|Bulletin (Sydney) 22 Jan. 5/2: A ‘mill’ took place in Essex on the 10th instant, between Taylor and Longen.|
|Sporting Times 13 Feb. 5/5: After a merry mill [...] a ‘Corinthian’ took him for a ‘bung’.|
|Fifty Years (2nd edn) I 143: I used now and again to go and see a merry mill.|
|W.A. Sun. Times (Perth) 3 Nov. 1/1: His amazement at the mildness of the ‘mills’ upset the equilibrium of his well-waxed whiskers.|
|Pitcher in Paradise 215: Nothing to be seen in the boxing world today can be compared to the merry mills of yesteryear.|
|Sun. Times (Perth) 29 May 2nd sect. 10/4: Hawkes [...] is in pretty good fix for a mill with any of the heavyweight crowd.|
|Day By Day in New York 19 May [synd. col.] He’s been in many mills. He is use to the grind.|
|N.Z. Truth 2 Aug. 8/6: [headline] Good Bare-Knuckled Mill.|
|Fighting Blood 344: Eleven people in all at a battle for the heavyweight championship of the world and ten of the low-voiced eleven is connected with the mill as principals or officials.|
|Classics in Sl. 62: As twenty-four hours’ notice is much more than I usually get for a mill, I cheered up considerably.|
(b) a fight, a brawl. sometimes a battle.
|Tom Crib’s Memorial to Congress 6: Just think, please your Majesties, how you’d prefer it / To mills such as Waterloo, here all the merit / To vulgar, red-coated rapscallions must fall.|
|‘The Drummer’s Stick’ in Frisky Vocalist 5: So he laid them all upon the grass, / Brought forth the magic stick, alas! / They look’d at it till fit to burst, / They had a mill which should have it first.|
|Scamps of London III ii: Lor, I had two or three mills, was thrown out of the house like a dog.|
|Adventures of Mr Verdant Green (1982) I 6: The jolly mills they used to have with the town cads.|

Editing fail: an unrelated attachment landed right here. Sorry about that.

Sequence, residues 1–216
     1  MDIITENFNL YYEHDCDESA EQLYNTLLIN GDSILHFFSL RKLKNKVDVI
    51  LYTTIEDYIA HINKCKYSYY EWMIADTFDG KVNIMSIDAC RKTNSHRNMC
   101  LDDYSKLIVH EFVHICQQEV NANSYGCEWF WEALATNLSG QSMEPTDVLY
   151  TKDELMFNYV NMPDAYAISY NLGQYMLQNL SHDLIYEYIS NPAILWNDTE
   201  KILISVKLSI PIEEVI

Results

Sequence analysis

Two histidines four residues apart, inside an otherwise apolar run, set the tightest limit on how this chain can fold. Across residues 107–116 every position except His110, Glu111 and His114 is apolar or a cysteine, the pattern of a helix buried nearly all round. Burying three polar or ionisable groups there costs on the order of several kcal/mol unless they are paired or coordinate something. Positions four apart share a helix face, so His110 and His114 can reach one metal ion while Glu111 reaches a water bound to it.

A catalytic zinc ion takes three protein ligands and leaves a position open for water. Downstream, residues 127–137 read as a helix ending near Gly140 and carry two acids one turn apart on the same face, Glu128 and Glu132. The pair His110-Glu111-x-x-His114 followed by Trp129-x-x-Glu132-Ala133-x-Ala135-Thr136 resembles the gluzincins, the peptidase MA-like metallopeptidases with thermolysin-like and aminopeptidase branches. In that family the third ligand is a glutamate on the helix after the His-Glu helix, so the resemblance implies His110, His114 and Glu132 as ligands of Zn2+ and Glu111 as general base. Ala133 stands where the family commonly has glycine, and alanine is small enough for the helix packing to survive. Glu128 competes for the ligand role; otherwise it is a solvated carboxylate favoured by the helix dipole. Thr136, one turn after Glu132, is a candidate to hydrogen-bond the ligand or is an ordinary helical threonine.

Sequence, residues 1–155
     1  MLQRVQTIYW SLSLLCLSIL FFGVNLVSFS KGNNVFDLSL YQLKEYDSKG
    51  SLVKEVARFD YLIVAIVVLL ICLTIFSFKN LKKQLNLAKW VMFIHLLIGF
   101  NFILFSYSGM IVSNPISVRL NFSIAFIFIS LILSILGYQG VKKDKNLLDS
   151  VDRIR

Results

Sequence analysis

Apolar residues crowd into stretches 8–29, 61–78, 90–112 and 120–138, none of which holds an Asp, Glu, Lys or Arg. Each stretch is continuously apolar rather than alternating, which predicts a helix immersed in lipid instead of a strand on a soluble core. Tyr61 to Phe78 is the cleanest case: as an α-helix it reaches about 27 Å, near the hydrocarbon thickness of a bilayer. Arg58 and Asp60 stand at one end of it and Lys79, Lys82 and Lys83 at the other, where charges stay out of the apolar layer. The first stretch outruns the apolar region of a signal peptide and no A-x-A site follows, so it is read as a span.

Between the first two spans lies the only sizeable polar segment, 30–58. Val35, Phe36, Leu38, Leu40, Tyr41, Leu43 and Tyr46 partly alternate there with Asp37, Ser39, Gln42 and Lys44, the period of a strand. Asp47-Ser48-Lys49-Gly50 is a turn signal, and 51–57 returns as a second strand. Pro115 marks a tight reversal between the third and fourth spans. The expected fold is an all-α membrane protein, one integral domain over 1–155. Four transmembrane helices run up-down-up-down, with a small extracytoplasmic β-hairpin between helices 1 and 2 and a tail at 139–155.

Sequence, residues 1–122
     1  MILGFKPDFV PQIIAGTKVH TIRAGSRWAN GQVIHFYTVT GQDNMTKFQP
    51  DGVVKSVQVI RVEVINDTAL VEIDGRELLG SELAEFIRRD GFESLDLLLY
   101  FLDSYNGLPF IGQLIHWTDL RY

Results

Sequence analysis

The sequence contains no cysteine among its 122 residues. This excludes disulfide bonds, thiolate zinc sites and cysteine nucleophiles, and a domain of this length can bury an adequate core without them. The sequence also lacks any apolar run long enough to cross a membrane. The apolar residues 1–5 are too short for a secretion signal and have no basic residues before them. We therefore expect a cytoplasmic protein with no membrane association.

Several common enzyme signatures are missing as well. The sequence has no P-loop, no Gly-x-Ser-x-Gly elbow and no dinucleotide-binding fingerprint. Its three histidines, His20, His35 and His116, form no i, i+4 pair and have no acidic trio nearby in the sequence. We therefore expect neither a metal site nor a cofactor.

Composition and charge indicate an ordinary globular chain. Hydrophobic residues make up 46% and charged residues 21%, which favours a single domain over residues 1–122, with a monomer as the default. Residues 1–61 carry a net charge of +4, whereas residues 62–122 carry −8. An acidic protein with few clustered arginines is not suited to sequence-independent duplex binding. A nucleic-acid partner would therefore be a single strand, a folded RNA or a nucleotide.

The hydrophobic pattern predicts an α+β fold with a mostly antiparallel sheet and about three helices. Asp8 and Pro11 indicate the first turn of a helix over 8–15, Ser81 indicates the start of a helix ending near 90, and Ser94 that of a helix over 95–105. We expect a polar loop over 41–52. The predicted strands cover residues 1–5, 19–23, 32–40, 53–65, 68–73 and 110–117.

|‘The County Jail’ inComic and Sentimental Song Bk 55: At ten we raised a glorious mill / And smathered each other with right good will.|
|Slaver’s Adventures 248: Of all things I like to see a gallant mill.|
|Bulletin (Sydney) 7 Mar. 14/3: Our long stay at the Quay was rather enlivened by a couple of rounds between two amateur pugs [...] and their mill continued till an old gentleman stepped in.|
|George’s Mother (2001) 104: Zeusentell an’ O’Connor had a great old mill. They were scrappin’ all over the place.|
|Fact’ry ’Ands 198: Hot ’n’ willin’ was ther mills he had up under ther roof.|
|Sun. Times (Perth) 23 Feb. 1/1: The threatened mill between the hairy theatrical clerk and the Grate-polisher is hoff.|
|Sun. Times (Perth) 23 Jan. 2nd sect. 1/1: They Say [...] That the inevitable mill between the males will be painfully one-sided.|
|Harrovians 191: To be hauled up by a boy you could knock into a cocked hat in a mill, to be warned, then dismissed like the veriest fag.|
|Dict. Amer. Sl.|
|Nightmare Town (2001) 172: Boy, was that a mill!‘His Brother’s Keeper’ in|
(c) a blow, a punch.
|Gale Middleton 1 148: That crack upon the temple is a favourite mill of mine.|
4. in sense of going or passing or putting through the mill.
(a) (UK Und.) the Insolvent Debtors’ Court.
|, ,||Sl. Dict. 179: Mill the old Insolvent Debtors’ Court. To go through themill is equivalent to being whitewashed.|
(b) any institution that acts to process its affairs by rote, rather than deal with them on their individual merits.
|Fables in Sl. (1902) 93: A Modern Solomon, who had been chosen to preside as a Judge in a Divorce Mill, climbed to his Perch and unbuttoned his vest for the Wearisome Grind.|
|Indian Advocate (Sacred Heart, OK) 1 Apr. 99: The divorce courts are so busy that they are generally referred to as ‘mills’.|
|Haunch Paunch and Jowl 69: I began to haunt the entrance to Essex Market Magistrates’ Court, the East Side’s police tribunal ... It was a busy mill of agonized humanity.|
|Pulp Fiction (2006) 42: Graves [...] told me her’d let me cop a minimum sentence if I’d rush her through the mill and make a plea.‘Honest Money’ in Penzler|